In a compromise overture to federal fish agencies, PacifiCorp has submitted a second set of alternative fishway prescriptions proposing less expensive actions than the agencies’ proposed mandatory prescriptions for fish passage construction at four dams on the Klamath River.
PacifiCorp’s new alternative prescriptions, filed Dec. 1, are a contingency proposal, reflecting the utility’s desire to reach a compromise for relicensing the 161.338-MW Klamath project (No. 2082) in Oregon and California. The new alternative focuses on fish passage and calls for PacifiCorp to install limited fishways at four project dams.
The Klamath project consists of eight developments, 18-MW Iron Gate, 20-MW Copco 1, 27-MW Copco 2, 90.338-MW J.C. Boyle, 3.2-MW East Side, 600-kW West Side, 2.2-MW Fall Creek, and non-powered Keno Dam. PacifiCorp’s original relicense application proposes decommissioning East Side and West Side, and excluding them and Keno Dam from the relicensed project.
Agency fishway prescriptions seen costing $200 million
Under terms of the Federal Power Act, fish agencies of the Commerce and Interior departments filed preliminary license conditions that would require PacifiCorp to build fish passage at Iron Gate, Copco 1, Copco 2, and Boyle, which PacifiCorp estimated could cost as much as $200 million.
In April, PacifiCorp filed alternative fishway prescriptions with Commerce and Interior that propose less expensive actions than the agencies’ prescriptions. The Energy Policy Act of 2005 requires the agencies to adopt alternative prescriptions that are less expensive and equally protective of the resource.
At that time, PacifiCorp called for a trap-and-transport facility and downstream collectors to test the feasibility of reintroducing salmon to the upper Klamath Basin at a cost of up to $60 million. It called the plan a less expensive, science-based alternative to the proposed agency fishway prescriptions.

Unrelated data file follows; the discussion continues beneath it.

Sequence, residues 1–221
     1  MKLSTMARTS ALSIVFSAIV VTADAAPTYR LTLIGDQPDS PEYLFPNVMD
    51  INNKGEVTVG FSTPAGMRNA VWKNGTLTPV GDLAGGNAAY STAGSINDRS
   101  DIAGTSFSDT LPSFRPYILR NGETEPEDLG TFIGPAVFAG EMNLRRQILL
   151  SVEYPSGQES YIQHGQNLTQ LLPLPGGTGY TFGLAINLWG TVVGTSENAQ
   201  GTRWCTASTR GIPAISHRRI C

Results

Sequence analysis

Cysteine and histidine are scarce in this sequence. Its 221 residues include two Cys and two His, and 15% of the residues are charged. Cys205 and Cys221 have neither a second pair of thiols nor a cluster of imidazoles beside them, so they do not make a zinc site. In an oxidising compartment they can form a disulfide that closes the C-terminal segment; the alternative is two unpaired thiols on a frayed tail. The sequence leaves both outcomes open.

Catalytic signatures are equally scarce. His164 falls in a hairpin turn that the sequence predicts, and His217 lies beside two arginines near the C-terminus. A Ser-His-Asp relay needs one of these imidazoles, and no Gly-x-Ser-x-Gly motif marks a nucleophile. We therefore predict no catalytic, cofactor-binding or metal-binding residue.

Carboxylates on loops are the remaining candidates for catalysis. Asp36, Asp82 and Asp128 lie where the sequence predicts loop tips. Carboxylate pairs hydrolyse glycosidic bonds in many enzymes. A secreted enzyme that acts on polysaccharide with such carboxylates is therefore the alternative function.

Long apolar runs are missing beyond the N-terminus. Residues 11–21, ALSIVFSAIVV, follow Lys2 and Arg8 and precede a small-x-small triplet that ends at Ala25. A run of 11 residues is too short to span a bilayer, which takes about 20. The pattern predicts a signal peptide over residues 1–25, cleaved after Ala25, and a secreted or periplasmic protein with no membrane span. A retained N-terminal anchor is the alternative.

New PacifiCorp alternative offers limited fish passage
PacifiCorp Energy President Bill Fehrman said the company’s new contingency alternative prescriptions focus on fish passage and ensuring fish can safely and successfully be reintroduced throughout the project area.
�The company’s proposal today underscores both its willingness to compromise and its desire to reach a common understanding with the federal agencies on these important issues to ensure successful reintroduction of fish in the project area,� Fehrman said.
The new alternative proposal calls for:
o Construction of a new fish ladder and fish screens for upstream and downstream passage at Boyle, consistent with agency prescriptions;
o Downstream fishways, by installation of screens, at Iron Gate, Copco 1, and Copco 2;
o Collection and transport of upstream migrating adult fish at Iron Gate to release sites upstream of Iron Gate, Copco, and Boyle reservoirs, and at one location above the project area; and
o Within four years of a new license, construction of an upstream fishway at Copco 2 for collecting and transporting adult fish at or upstream of Copco 1 reservoir.
It was indicated that PacifiCorp still prefers its original April 25 proposed alternative prescriptions. Utility spokesman Dave Kvamme said PacifiCorp is not abandoning the original proposal, which remains pending before the federal agencies. (HNN 10/2/06) The new contingency proposal was described as significantly more expensive than PacifiCorp’s first alternative.
Kvamme said it is not known how the second alternative prescription would affect consideration of the earlier filing. Commerce and Interior are expected to issue a decision in January.
Fehrman: Proposal won’t satisfy dam removal crowd
�We understand that PacifiCorp’s revised alternative proposal will not satisfy all parties, particularly those who are interested in having PacifiCorp remove all the project dams,� Fehrman said. �However, this alternative addresses our desire to be environmental stewards and allows the company to continue to generate clean, reliable power for its customers.�
American Rivers has issued a statement claiming a study prepared for the California Energy Commission found removing the Klamath River dams, and replacing their power, would save PacifiCorp ratepayers up to $285 million over 30 years. It said that study also found decommissioning would be $101 million less costly than relicensing the project.
In October, the Federal Energy Regulatory Commission staff issued a draft environmental impact statement that rejected the resource agencies’ proposals to mandate fishway construction at the four dams. Despite that opinion, FERC itself has no authority to reject the conditions if Commerce and Interior should approve them in final form.